Neither gold nor houses are as volatile as eth, but the idea is similar. Instead of using the dai drawn from the locked eth to buy more eth, you can use it to fund your business or buy a car or perhaps even pay off a current loan. That’s what District0x’s team member PJ did, stating:
“Being able to generate an instant loan from a decentralized bank is the actual manifestation of what makes the crypto ecosystem so promising and exciting.
The use of CDP’s in conjunction with DAI is a game changer for the space, and for those who chose to take advantage.”
This is a loan based on the current digital assets you already have, rather than an advance of money based on earned income say like a credit card.
This sort of loan, moreover, isn’t for everyone. If you want to keep your eth safe, for example, and just hold, then you might not want to risk them being liquidated/sold based on what might be just temporary price movements.
On the other hand, if you’ve decided to sell your eth because perhaps you need whatever, rather than plainly doing so you can lock it in dai which you can then fairly easily turn into actual fiat cash by say buying eth with the dai, selling that eth on Coinbase or wherever for fiat dollars, and then withdrawing them to your bank account.
Obviously there’s the more complex element here that locking your eth into dai doesn’t lock the eth at the current price. You’d probably want to lock more eth than withdrawn dai dollars worth of eth as otherwise the activity is no different than straight selling.
That means if price moves against you, then your eth may be sold at a lower price than current price. So there’s a balancing aspect of just how much risk you want to take, whether you’re fine with the eth potentially sold at a lower price than current price, and whether that is offset by price potentially increasing, something which you wouldn’t be able to take advantage of if straight sold.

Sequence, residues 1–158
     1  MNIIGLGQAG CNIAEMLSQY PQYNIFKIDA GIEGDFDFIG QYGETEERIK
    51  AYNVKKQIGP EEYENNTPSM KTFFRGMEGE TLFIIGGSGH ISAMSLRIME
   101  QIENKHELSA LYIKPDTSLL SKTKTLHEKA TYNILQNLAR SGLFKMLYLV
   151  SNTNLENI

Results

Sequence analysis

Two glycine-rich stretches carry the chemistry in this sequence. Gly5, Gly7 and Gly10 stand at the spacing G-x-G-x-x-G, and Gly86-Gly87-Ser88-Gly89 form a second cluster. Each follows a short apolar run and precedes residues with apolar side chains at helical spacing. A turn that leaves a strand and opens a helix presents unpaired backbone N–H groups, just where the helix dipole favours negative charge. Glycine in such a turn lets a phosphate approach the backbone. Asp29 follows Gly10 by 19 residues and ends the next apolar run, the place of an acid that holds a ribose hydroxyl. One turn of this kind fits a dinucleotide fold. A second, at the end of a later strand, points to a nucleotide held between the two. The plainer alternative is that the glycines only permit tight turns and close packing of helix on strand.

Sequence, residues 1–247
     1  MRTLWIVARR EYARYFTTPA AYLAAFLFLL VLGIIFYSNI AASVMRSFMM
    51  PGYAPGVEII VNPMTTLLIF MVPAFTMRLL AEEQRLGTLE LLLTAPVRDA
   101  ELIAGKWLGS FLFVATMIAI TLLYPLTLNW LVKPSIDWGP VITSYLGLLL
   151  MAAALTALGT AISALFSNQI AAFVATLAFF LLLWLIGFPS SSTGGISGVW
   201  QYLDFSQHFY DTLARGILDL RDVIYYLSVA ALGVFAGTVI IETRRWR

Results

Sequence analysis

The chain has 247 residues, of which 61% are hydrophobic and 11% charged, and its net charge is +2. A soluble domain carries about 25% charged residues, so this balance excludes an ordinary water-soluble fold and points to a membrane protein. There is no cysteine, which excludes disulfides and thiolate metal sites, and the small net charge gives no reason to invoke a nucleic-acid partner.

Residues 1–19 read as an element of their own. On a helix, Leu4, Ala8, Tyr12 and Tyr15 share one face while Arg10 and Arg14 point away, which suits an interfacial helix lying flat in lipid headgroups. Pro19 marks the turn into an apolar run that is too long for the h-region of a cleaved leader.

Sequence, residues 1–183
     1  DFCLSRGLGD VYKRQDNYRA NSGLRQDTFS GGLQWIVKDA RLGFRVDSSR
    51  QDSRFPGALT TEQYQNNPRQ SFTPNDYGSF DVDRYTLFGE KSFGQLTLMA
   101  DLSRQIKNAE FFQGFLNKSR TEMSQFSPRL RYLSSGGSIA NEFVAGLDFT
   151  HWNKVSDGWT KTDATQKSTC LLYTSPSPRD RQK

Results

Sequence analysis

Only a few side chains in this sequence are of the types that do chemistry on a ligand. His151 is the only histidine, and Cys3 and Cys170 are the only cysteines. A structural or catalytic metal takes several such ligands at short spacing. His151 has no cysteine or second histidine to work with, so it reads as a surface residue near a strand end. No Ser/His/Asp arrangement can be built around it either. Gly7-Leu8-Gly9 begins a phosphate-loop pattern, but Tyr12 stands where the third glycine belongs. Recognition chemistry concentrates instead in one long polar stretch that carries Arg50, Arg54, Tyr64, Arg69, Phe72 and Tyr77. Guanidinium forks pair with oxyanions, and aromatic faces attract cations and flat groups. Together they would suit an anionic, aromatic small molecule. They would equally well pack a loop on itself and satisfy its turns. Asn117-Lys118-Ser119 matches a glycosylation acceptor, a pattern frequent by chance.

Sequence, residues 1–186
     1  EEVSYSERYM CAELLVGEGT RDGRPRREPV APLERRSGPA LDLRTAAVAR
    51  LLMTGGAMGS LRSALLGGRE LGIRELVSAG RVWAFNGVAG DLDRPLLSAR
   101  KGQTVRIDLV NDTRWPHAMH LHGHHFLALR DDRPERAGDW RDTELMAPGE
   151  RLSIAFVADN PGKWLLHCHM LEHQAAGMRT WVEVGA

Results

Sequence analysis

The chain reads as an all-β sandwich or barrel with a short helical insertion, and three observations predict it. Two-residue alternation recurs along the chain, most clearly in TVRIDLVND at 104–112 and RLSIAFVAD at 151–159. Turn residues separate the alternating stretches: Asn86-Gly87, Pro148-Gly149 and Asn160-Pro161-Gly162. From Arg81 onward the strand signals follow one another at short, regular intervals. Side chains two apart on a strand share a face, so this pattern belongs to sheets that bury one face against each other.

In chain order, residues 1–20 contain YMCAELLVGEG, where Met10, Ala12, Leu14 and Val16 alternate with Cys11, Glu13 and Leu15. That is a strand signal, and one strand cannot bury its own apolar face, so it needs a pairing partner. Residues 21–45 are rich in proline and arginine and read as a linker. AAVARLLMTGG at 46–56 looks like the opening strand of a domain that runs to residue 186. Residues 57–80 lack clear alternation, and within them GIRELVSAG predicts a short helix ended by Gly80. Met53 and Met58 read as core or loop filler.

For those with means, they can lock say 5 times the amount of eth, and withdraw just 1eth worth of dai dollars. They can then use these dollars however they want while being fairly safe in knowing that while obviously there is still some risk, it is a very small risk.
That could potentially have taxable benefits as selling your eth is a taxable event, while drawing dai isn’t as far as we’re aware.
Making this aspect a use case, at least for some, in addition to margin trading and the pegged dollar value. Use cases which for Maker holders translates into “dividends” as the “profits” from the circa 0.5% interest rate that dai currently charges are used to burn MKR tokens, thus lowering supply.
In addition, as dai is digitally native, it benefits from easy integration with other dapps as Augur has announced for example.
Making it all one of the biggest success story for ethereum so far and perhaps for the entire blockchain space as the concept of smart contracts is finally proved in as far as nearly one million eth are locked in the dai smart contract and no one has yet been able to take them.
As long as that remains the case, and there are fail safe mechanisms but they haven’t been tested, then PJ is probably right that this is a game changer.